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Discussion Starter · #1 ·
Okay, both of my bucks have scurs and I would love to not have to deal with them as often as I do since they do grow towards their heads. I heard that some people band them using the green castration bands. Does anyone have any experience with this?
 

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While there are stories of success,, I'm not a fan of banding horns/scurs.
First, its a painful and long process and if not done right you just end up with a flat scur/horn
Next, if they knock off the horn too soon, it's painful and lots of blood. Then you have the issues of flies. This is just my opinion. I have never done it but a friend did. Didn't turn out well in the end.
 

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I banded horns and it turned out fine. There is an old thread that is a good tutorial for doing it. Once you read the tutorial, you'll see if you want to do it or not.
 

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We banded 6 yearlings (dairy does) with normal size horns for their ages. Followed the above tutorial. The does banded
was a last ditch effort to keep them. They used their horns to bash everything, including babies. So it was either sale barn for meat,
band or shoot. We chose band.

Out of the 6, 1 had a fever and developed a little infection in the sinus after the horns fell off at around 2 weeks (or maybe 3). La-200 took
care of the infection. All have had a personality change, towards the better. I think disbudding is way better. But, sometimes that isn't an
available option at the time. Banding does work, but following the tutorial works best. We tried to overthink it once and that was the problem doe.

I gave Banamine 2 hours before the banding and1 time a day for 3 days post banding. When the horns fell off (after the 1st had an infection) we gave
LA-200 for 5 days. It worked out well. (but again, disbudding is better!)

After all that, if you have scurs that you could get a band on, I don't see that it would be any worse than a doe. Just make sure you cut into the horn base
pretty far, and make a wide channel for the band. Cut until blood- you have to get to the nerve and veins in the horn base.

(as an aside, I did tell a vet what I was doing and he said he would like to watch, so we had a vet incase I really screwed up on a doe, he was really interested.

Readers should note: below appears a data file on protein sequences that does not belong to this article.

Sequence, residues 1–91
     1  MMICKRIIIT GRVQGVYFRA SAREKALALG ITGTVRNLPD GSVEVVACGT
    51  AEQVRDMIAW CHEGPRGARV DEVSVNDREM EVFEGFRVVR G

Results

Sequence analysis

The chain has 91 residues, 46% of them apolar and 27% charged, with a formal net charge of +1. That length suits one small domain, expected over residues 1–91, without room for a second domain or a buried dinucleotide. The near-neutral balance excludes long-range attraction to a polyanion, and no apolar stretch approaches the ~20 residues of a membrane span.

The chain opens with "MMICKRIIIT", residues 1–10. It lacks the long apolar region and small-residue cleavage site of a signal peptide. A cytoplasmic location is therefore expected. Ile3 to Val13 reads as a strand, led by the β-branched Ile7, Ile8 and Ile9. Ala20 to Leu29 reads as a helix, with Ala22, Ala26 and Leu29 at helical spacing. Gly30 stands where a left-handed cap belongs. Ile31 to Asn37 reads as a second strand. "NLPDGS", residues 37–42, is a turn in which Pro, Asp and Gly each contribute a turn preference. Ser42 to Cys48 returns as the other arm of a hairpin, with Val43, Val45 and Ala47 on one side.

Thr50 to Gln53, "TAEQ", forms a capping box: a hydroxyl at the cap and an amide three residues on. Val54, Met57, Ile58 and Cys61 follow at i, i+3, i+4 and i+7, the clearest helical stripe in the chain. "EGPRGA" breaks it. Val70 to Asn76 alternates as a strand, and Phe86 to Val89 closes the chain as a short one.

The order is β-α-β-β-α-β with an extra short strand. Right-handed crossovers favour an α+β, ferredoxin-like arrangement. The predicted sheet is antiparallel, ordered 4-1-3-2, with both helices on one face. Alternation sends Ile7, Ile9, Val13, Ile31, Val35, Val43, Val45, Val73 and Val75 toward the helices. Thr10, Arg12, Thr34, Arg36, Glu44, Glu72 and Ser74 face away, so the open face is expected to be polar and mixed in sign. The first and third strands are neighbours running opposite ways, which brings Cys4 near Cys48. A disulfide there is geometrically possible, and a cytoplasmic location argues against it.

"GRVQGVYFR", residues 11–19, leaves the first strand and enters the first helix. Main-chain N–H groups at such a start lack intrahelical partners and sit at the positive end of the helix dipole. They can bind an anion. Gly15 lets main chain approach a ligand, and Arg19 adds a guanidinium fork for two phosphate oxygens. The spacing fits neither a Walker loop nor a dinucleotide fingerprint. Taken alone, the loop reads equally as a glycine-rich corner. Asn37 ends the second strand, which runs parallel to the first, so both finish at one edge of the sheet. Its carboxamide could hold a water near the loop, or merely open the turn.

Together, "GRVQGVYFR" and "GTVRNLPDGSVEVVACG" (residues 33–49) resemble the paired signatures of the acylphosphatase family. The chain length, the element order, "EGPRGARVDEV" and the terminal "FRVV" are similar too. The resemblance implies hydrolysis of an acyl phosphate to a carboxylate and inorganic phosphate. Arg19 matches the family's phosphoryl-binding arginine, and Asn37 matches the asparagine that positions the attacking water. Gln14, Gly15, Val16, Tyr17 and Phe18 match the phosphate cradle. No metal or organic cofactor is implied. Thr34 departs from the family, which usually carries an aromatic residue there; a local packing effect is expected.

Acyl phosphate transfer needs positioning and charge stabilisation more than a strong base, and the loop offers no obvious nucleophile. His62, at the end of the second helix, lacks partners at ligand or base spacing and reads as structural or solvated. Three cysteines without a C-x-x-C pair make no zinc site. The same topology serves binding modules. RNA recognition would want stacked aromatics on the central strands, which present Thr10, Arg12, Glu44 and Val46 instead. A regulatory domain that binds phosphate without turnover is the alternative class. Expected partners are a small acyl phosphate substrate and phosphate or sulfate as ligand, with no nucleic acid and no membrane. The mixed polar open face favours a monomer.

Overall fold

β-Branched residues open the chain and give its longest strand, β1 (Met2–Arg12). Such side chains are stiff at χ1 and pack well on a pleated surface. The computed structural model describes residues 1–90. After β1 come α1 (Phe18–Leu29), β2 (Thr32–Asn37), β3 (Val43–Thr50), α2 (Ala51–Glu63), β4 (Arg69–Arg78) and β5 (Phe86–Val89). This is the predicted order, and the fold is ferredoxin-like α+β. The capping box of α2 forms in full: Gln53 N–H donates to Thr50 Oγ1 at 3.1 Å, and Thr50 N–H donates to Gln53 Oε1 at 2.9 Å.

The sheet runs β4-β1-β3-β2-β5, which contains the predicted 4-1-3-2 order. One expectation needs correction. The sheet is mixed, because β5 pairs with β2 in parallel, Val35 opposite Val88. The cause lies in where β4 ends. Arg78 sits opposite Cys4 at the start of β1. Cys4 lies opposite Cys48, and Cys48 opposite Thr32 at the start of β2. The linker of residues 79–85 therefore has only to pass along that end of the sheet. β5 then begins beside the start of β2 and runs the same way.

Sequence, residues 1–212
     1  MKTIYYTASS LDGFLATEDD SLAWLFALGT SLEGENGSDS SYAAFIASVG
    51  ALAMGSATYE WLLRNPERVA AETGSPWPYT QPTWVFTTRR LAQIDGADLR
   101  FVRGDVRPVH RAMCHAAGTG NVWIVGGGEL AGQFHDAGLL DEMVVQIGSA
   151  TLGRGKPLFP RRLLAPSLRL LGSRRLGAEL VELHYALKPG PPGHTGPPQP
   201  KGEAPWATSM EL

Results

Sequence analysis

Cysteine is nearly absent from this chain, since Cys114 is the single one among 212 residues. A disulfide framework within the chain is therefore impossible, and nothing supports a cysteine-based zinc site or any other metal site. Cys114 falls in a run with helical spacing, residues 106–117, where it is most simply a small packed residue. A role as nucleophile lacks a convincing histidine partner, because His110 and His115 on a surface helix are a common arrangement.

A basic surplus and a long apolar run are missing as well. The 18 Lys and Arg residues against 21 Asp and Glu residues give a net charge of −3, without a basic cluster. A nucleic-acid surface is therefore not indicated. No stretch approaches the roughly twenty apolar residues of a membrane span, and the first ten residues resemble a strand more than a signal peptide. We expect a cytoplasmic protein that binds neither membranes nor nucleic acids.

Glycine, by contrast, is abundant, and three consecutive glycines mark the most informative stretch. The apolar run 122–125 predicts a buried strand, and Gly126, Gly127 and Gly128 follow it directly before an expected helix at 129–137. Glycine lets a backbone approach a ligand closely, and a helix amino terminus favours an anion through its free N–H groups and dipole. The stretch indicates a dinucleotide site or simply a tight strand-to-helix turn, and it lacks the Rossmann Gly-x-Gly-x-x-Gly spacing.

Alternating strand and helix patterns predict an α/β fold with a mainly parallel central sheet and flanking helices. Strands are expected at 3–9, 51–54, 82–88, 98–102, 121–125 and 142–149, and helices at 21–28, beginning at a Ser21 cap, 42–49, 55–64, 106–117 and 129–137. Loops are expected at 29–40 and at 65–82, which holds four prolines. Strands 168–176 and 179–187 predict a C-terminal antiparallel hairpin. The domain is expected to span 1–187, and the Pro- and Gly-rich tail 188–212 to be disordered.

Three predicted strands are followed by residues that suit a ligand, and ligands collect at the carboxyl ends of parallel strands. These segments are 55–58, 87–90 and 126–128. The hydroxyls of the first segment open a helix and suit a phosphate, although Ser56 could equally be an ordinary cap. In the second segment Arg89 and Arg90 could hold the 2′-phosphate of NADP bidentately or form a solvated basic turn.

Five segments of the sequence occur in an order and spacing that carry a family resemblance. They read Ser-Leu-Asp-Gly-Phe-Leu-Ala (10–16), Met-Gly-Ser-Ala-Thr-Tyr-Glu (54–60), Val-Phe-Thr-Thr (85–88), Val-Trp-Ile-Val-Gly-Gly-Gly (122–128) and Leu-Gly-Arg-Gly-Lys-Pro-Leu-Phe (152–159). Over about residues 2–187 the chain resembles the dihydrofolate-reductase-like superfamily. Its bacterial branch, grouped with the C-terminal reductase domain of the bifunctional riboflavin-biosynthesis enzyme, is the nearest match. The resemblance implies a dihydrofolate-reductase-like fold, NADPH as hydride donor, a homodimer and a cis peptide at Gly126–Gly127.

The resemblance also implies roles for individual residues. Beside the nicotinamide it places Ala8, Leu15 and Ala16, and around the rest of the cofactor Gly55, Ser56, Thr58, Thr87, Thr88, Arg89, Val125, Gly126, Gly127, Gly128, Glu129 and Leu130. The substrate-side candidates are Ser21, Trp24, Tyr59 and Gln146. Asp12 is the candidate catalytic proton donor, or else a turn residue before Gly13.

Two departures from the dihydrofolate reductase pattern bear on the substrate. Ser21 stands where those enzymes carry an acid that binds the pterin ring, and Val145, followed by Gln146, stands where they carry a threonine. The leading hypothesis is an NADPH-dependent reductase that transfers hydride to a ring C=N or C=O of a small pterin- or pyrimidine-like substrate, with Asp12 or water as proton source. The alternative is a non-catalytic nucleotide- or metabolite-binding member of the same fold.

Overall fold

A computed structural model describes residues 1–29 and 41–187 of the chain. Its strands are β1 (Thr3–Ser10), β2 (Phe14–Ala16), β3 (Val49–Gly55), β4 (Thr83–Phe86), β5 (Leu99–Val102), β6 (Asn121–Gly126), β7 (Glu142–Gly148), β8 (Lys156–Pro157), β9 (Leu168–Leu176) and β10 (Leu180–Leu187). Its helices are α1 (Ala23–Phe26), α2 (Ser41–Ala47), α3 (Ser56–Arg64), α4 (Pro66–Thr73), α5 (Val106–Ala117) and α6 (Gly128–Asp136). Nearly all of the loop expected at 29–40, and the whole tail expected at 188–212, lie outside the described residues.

Now he is working in another area!).
 

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Discussion Starter · #7 ·
I think it seems like something that is not for me. I'm pretty sure my vet would be horrified if I asked her about this (she's very pro-horn) and I would prefer not to do something like that without a local anesthesia. My bucks are just going to have to deal with the occasional scur trimming. I really wonder if some sort of tree loppers would be better than the OB wire saws I've used in the past. Their scurs are kind of oblong and I'm not sure I'd be able to cut through them very easily with a lopper. 🤔
 

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The OB wire is a pain, go for the loppers! It’s over and done with in one snip.
How big are the scurs? Most scurs really are not that bad blood wise. I had a doe that ended up with basically a screwed up looking horn, she was my first disbudding attempt. After freaking out thinking it was going to be a bloody mess since it was just as thick as a normal horn I was super surprised with how little blood there really was! I cut it off, had the disbudding iron hot in case I needed it and it turned out all I needed was a little flour. Hers did the same thing as your buck and went against the head so needed to be done but taking the whole horn off I didn’t have to worry about it for another few years. Let me see if I can find a picture of that goat and her horn.
 

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Discussion Starter · #9 ·
One of my bucks has a scur that is about maybe an inch in diameter. I think a lopper would do it. Every time I did the saw before, he did bleed a bit, but I'm not too worried about the blood. There's a lot less blood when I trim them than if they knock them off themselves. This is the lopper I have: https://www.lowes.com/pd/Fiskars-21-5-in-Steel-Bypass-Lopper/1001148450 Do you think it will cut it? Pun intended.
 

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My phone won’t let me take a screen shot for some reason but at the base that sounds about right for what her horn/scur was.
The OB wire sounds good in theory, it cuts and heats up to keep bleeding under control to a degree but I like to just rip the bandaid off. And actually the wire is kinda junk when there’s a lot of blood anyways because it gums up and won’t work any more. It did that half way threw a POed cow and I ended up just grabbing the loppers to finish the job.
Other then being black instead of red that is exactly what I use. It’s over and done with before they know what is going on.
 

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I really wonder if some sort of tree loppers would be better than the OB wire saws I've used in the past.
Horse nippers work well too. That is what I used on my buck some time back. A quick nip...he got used to it. Just be sure not to nip too short 😉
 
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